In this video I talk about unsustainable things are intrinsically seductive because they suggest that they have more power/strength/ability/life/etc than they actually do.
Since we live in, as the comedic show Futurama called it, the Stupid Ages, where an astonishing number of people are willing to admit the evil of only truly extraordinary cases, it is very tempting when trying to have a discussion of a moral subject to invoke Adolph Hitler and the Nazi party. Unfortunately, Mike Godwin ruined this by coining Godwin’s Law. If you’re not familiar, Godwin’s Law states:
As an online discussion grows longer, the probability of a comparison involving Nazis or Hitler approaches one.
Godwin claims that he set out to try to reduce the incidence of glib Nazi comparisons, but I think that his main supporters are people who really don’t like the ability to clearly and unambiguously point out an instance of evil. This is a different time and place to when Godwin coined it, but certainly the majority of times I’ve seen it invoked is as a defense against thinking.
It occurred to me recently, though, that Genghis Khan works approximately as well as Hitler for a person who did what is (almost) universally acknowledged to be great evil while he thought that he was doing good. He’s not interchangeable with Hitler in all contexts, but he is in an awful lot of them. Where he is, you will probably save yourself some trouble while trying to stimulate thinking. Since he’s not quite as well known as Hitler, though, I do recommend always mentioning that he raped an awful lot of people. That will insure that people will think of him in the correct frame of mind.
(Note: this way not work as well in Mongolia, but you probably won’t need to do this as much in Mongolia anyway.)
When I was young, I heard a fair amount of argumentation that “atheists can be just as moral as Christians,” and in a very theoretical sense—and neglecting the duty of piety to God which an atheist must necessarily transgress—there is a sense in which this is true. As time has proven, though, it’s an irrelevant sense.
There are two possible meanings to “atheists can be just as moral”, though they end up in the same place. The first meaning is that an atheist can, through practice and effort, form virtuous habits according to whatever theory of morality he holds, and continue in these virtuous habits all the days of his life. This is true, especially for people who become atheists as adults, since adults tend to be fixed in their habits relative to children. Habits formed in youth are, certainly, possible to keep even if the reason for them has been rejected. It is not easy for such an atheist, since the continuation of his habits will have only the support of his prejudices and not of his intellect, but it is certainly doable. At least so long as he doesn’t face temptation. Upper middle class bachelors, with cheap hobbies, few wants, and no family obligations, will in fact tend to be harmless until they return to dust.
This misses is that there is more to morality than simply being harmless, or even than simply being “a productive member of society”. These are fine things, but human beings were made for greatness, not for being somewhat more convenient to their neighbors than absolutely nothing would be. It doesn’t really matter, anyway, because of the second possible meaning.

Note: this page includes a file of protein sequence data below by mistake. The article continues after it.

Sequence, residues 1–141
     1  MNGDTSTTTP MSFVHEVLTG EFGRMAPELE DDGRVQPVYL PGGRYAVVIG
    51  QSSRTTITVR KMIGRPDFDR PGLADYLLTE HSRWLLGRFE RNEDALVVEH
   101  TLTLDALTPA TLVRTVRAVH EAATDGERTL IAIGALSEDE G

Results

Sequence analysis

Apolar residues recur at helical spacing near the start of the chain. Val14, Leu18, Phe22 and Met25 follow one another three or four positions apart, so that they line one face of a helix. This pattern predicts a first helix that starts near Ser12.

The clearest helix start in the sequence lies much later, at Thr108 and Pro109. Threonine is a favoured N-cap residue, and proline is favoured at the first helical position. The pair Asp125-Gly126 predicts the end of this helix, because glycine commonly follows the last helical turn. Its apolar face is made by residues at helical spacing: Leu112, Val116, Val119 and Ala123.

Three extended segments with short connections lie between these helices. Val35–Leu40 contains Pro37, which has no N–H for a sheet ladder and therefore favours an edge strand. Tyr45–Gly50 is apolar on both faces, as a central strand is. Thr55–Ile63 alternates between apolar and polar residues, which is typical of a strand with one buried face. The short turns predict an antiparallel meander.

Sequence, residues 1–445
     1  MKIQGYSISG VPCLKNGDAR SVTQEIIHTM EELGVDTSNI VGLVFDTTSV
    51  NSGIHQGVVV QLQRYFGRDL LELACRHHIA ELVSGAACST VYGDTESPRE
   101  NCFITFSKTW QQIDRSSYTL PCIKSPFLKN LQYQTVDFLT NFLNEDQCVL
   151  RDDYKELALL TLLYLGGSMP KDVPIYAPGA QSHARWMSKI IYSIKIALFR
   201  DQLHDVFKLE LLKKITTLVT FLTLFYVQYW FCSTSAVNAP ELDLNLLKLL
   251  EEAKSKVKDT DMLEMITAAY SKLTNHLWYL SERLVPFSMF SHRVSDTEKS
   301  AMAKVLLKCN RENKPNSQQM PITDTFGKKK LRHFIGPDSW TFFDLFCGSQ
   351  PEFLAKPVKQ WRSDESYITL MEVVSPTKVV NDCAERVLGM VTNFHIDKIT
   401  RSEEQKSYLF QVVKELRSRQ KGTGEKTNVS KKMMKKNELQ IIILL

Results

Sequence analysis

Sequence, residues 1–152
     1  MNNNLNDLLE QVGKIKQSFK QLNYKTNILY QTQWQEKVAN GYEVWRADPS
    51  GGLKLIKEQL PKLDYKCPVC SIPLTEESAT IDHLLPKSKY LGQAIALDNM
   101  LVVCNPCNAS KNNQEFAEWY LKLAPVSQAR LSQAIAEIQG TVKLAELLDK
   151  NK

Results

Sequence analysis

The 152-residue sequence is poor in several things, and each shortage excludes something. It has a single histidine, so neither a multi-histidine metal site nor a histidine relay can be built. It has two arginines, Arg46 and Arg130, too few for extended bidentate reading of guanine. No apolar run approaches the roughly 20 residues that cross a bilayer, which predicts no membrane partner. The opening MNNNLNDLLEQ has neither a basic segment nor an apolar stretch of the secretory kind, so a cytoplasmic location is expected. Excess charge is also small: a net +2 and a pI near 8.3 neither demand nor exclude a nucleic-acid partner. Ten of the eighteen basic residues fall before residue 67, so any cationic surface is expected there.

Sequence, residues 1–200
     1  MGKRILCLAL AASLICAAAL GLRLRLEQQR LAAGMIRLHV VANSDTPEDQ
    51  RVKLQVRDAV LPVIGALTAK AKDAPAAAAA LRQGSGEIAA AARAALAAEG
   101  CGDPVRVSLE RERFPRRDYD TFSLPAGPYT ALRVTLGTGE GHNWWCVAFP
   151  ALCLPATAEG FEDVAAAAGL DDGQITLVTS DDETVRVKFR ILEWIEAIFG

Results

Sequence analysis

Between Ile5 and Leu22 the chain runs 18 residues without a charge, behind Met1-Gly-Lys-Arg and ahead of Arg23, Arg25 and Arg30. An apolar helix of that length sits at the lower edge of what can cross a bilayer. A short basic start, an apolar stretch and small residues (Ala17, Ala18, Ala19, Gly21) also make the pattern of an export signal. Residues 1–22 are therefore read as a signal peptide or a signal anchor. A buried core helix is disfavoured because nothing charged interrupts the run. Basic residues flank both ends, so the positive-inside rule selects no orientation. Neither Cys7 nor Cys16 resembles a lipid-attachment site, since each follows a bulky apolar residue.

The second possible meaning of “atheists can be just as moral” is that they can be just as moral, according to their own moral standards. If this sounds good to you, consider that Genghis Khan thought that pillaging, raping, and murdering were heroic actions and that he was a really great guy for doing them. Being moral according to your own moral standards—assuming you’ve done your best to ensure your moral standards are correct—may possibly be sufficient to make you saveable by the salvific power of Christ on the cross atoning for the sins of the world, but it doesn’t mean that you aren’t being immoral according to the correct moral standards.
To say that an atheist can follow his own moral standards is, in fact, to say that he is liable to be immoral precisely to the degree in which his standards differ from real morality. It is no answer to say that he will approve of himself while he fornicates, adulterates marriages, and murders. It is no answer to say that he will only murder the people he believes it’s perfectly fine to murder, or that he will only murder people he declares aren’t human beings before he murders them. Approving of his evil actions doesn’t make him less wrong, it makes him more wrong.
When the famous enlightenment philosopher said, “there is no God, but don’t tell that to the servants or they will steal the silver,” it is no answer to say, “perhaps, but they will not think that it’s wrong to steal the silver while they steal it.”
This does bring up something of a side-note, which is sometimes talked about in this context: people who believe that God sees everything and punishes wrongdoing in the afterlife are more likely to think that they cannot get away with a moral transgression than are people who think that no one will catch them now or later. There is something to this, since the feeling that someone will know what you do is a support to doing the right thing. This is not the entirety of morality, however. People can habituate themselves to virtue such that they do not need this support in order to do the right thing, i.e. so that they can do the right thing even if they don’t believe anyone will know, merely because it is the right thing to do. Which brings us back to this second point: that does no good if the person’s theory of right and wrong is wrong.